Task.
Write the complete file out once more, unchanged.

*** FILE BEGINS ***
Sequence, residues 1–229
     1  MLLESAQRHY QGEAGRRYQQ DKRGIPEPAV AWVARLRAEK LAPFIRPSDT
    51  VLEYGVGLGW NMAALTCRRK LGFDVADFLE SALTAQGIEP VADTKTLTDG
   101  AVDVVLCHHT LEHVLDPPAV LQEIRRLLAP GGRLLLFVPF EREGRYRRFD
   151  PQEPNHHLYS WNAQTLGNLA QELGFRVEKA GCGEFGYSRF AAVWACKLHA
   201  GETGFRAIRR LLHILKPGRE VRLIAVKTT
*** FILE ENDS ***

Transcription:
Sequence, residues 1–229
     1  MLLESAQRHY QGEAGRRYQQ DKRGIPEPAV AWVARLRAEK LAPFIRPSDT
    51  VLEYGVGLGW NMAALTCRRK LGFDVADFLE SALTAQGIEP VADTKTLTDG
   101  AVDVVLCHHT LEHVLDPPAV LQEIRRLLAP GGRLLLFVPF EREGRYRRFD
   151  PQEPNHHLYS WNAQTLGNLA QELGFRVEKA GCGEFGYSRF AAVWACKLHA
   201  GETGFRAIRR LLHILKPGRE VRLIAVKTT